If you have a primary school child flipping tables and swearing at the teacher then others are not able to learn and, perhaps more importantly, are scarred by the experience.
The latest Department for Education figures reveal that 62 Year 1 children and 163 Year 2s were in PRUs in 2018, rising to 454 in Year 6. Those figures sound shocking, but the challenges that teachers (and fellow students!) are facing is very real.
So, what can primary schools do about this?
First and foremost, it comes down to investment. At the broadest scale this must come from the government and I am very aware that I write at a time where there are cuts across the country.
However, even on limited funds, there are choices that have to be made. A key priority must be investing in SEN specialist staff to support students learning and behaviour.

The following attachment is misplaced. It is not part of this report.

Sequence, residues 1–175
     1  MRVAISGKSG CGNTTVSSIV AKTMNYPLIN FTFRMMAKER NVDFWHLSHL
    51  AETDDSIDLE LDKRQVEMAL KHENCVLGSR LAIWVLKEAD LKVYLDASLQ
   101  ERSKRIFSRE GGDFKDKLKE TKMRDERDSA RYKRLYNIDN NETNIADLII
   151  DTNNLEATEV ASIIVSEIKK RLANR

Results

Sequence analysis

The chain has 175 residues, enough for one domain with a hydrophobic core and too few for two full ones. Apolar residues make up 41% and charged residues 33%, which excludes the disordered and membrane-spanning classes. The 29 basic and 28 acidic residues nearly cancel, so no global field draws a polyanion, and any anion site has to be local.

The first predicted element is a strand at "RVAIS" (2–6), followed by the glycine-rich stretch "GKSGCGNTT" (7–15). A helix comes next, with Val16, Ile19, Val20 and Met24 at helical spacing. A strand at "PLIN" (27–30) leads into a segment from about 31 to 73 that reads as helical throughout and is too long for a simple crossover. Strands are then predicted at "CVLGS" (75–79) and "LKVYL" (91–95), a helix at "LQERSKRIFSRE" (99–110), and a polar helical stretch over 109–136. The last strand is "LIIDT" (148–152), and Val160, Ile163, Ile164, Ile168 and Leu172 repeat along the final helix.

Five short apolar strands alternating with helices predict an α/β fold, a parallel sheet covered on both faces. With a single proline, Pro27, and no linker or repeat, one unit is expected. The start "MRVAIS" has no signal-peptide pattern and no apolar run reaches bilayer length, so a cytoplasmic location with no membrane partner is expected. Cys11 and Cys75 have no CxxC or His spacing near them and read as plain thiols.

Consider: not investing in new technology, but instead getting an SEN or SEMH (social, emotional, mental health lead). Recruiting specialist staff (or training staff you currently have!) to support children’s needs can be the difference between keeping them in school and losing them to a downward spiral.
As hard as the choices are, we have a responsibility to fight for every child’s future.
This is closely interlinked with the need for early intervention. Spotting behavioural patterns early and attempting to remedy this with clear routines and expectation setting can make a big difference.
As harsh as it may sound, don’t let things slide because they’re six and it’s sort of endearing when they have a strop. It will not remain endearing. If we expect a lot of students from an early age, they will often meet or even exceed those expectations.
By this, I do not necessarily mean academic targets – which great pressure is placed around. Rather, I mean expectations around students being well mannered, kind to one another and ready to try their hardest.